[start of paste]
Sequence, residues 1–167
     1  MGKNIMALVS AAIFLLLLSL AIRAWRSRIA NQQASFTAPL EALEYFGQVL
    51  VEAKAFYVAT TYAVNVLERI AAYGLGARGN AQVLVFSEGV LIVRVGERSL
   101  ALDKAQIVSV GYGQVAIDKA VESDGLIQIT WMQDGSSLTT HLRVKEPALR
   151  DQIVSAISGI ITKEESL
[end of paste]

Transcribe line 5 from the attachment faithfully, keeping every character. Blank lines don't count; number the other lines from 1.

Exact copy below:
   151  DQIVSAISGI ITKEESL